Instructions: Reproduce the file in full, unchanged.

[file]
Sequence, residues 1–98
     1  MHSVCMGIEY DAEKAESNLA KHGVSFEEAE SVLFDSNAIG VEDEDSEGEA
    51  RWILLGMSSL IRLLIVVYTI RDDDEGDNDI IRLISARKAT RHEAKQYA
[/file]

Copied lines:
Sequence, residues 1–98
     1  MHSVCMGIEY DAEKAESNLA KHGVSFEEAE SVLFDSNAIG VEDEDSEGEA
    51  RWILLGMSSL IRLLIVVYTI RDDDEGDNDI IRLISARKAT RHEAKQYA